Security forces of Guatemala and Mexico cooperate to fight drug traffickers
By Dialogo July 29, 2014
More than 40 members of Guatemalan security forces recently received training from Mexican police on the best ways to provide airport security. The training is part of a broad cooperative strategy to fight transnational criminal organizations, which often smuggle drugs through airports.
The training took place from June 2 to June 6 in Guatemala City.
Members of the Mexican Federal Police (FP) trained 42 members of the Guatemalan National Police (PNC) and agents from the Directorate of Civil Aviation, the Public Ministry, and the Ministry of Defense, according to the Guatemalan Ministry of Interior. The training course was organized by the Embassy of Mexico in Guatemala.
Guatemalan security agents received training on the best airport security protocols, how to investigate major crimes, the tactics of transnational criminal organizations which use airports to smuggle drugs, international treaties and conventions, and human rights.
The PF battles Los Zetas, the Sinaloa Cartel, La Familia Michoacana, the Knights Templar, and other international drug cartels. Those groups smuggle drugs through airports not only in Mexico but in several Central American countries, including Guatemala, Honduras, and El Salvador.
PF agents provided training on security protocols in airport zones, how to investigator major crimes, the best ways to protect the civilian population and how to protect human rights.
The training seminar is part of ongoing cooperation between Guatemala and Mexico to fight drug cartels.
“The training will strengthen methods for confronting the scourges that plague us on the border of both countries, and is a way to share experience,” said Noe Talabera Diez, a representative of Guatemalan Director of National Police (PNC) Telemaco Perez Garcia.
Talabera Diez spoke during the ceremony inaugurating the program.
One of the goals of the training seminar is to strengthen bonds of cooperation and trust between Guatemala and Mexico, which is a key step in the effort to dismantle the structures of transnational criminal organizations, said security analyst Armando Rodriguez Luna, a researcher at the National Autonomous University of Mexico (UNAM).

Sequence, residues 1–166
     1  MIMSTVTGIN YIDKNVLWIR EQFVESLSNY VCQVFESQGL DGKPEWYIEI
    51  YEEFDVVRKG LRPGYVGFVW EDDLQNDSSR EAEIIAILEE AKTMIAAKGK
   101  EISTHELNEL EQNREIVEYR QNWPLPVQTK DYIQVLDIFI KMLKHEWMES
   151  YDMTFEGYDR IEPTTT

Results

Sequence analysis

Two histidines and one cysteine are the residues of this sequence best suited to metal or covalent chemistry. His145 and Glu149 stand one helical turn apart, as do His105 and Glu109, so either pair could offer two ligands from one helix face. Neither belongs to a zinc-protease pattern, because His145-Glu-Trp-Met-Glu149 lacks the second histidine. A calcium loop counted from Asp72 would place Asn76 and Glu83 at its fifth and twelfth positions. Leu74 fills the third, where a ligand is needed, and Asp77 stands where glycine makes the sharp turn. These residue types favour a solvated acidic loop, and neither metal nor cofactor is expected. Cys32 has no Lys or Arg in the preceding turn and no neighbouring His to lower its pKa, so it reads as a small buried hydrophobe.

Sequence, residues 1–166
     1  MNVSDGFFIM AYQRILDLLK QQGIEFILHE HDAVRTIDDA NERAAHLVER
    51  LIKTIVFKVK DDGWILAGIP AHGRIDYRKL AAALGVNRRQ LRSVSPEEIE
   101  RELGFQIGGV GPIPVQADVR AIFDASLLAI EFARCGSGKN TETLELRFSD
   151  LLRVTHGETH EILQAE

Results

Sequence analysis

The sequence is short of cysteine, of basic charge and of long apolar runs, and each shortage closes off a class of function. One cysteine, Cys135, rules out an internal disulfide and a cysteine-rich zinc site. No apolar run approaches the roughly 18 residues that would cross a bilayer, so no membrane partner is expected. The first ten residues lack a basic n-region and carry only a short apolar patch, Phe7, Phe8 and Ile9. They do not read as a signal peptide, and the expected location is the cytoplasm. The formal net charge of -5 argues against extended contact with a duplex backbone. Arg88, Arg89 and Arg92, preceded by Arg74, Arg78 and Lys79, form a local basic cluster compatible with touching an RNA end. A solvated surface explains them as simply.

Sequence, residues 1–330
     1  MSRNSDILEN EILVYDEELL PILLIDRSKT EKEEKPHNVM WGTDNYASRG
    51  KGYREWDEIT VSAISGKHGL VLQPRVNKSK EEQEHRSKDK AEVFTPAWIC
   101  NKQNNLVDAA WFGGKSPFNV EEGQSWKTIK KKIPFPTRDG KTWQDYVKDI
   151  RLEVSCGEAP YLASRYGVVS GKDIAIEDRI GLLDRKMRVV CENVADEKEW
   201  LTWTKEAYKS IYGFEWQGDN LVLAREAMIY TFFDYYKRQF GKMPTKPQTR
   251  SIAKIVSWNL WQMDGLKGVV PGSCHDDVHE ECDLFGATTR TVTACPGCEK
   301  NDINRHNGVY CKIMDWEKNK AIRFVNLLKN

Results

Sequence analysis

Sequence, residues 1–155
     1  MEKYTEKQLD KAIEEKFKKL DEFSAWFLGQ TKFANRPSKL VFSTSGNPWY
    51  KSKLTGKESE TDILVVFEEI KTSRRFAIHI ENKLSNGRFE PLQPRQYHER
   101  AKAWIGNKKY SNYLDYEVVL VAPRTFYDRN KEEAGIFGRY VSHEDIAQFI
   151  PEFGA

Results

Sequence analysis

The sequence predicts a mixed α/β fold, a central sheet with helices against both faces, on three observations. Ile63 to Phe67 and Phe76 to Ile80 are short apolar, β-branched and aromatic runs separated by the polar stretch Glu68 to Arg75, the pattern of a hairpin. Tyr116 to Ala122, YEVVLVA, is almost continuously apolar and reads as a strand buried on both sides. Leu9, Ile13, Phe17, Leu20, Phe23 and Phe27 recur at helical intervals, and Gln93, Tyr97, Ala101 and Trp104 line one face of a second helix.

Once they are trained, the Guatemalan security agents will be authorized to educate other Guatemalan security officers in airport security.
The Guatemalan security agents who underwent the training completed the program successfully and met all international standards regarding airport security, the Embassy of Mexico reported June 12.
Guatemalan agents receive recognition
Guatemalan security agents who completed the training were recognized by security officails from their native country and Mexico in an awards ceremony.
Among the officials who attended the awards ceremony were, from Guatemala, Capt. Samayoa Jair Alberto Gutierrez, a high-ranking official in the Civil Aviation unit; and Captain Jorge Echeverría Roldán, an official to the Minister of the Interior.
The closing ceremony was held at the Directorate General of Civil Aviation, located in Guatemala International Airport, which is also known as La Aurora airport.
The training will help improve security along the border Guatemala shares with Mexico, according to security analyst Rodriguez Luna.
“Every Guatemalan security agent needs to be (trained) to confront international drug traffickers,” Rodriguez Luna said.
Since 2007, the Armed Forces of Guatemala and Mexico have participated in joint operations to protect the border the two countries share, without any formal agreements, Rodriguez Luna said.
Confronting transnational drug traffickers
In Guatemala, two major Mexican transnational criminal groups, Los Zetas and the Sinaloa Cartel, are fighting each other and three Guatemalan organized crime groups – the Lorenzana and Mendoza organizations and Los Chamales – for control of drug trafficking routes.
To fight these drug trafficking groups, the Guatemalan government is preparing to install four high-tech radars to detect narco-flights. The radars are scheduled to be operational in September 2014.
The new radars can detect the height, speed, and size of an aircraft within a radius of 110 nautical miles. They remain operative even in severe weather conditions.
The use of technology, and international cooperation, are important components of Guatemala’s fight against international drug trafficking, Rodriguez Luna said.
Guatemalan security forces are succeeding in seizing greater quantities of drugs in 2014 compared to 2013.
From Jan. 1 through June 21, authorities seized 3,195 kilos of cocaine. Guatemalan security forces seized 3,406 kilos in all of 2013.
Please Life's a game. Very good. Very good, more policemen and less delinquents. I think it's good that the police taught them about security, so that no drug trafficker can get through. Excellent.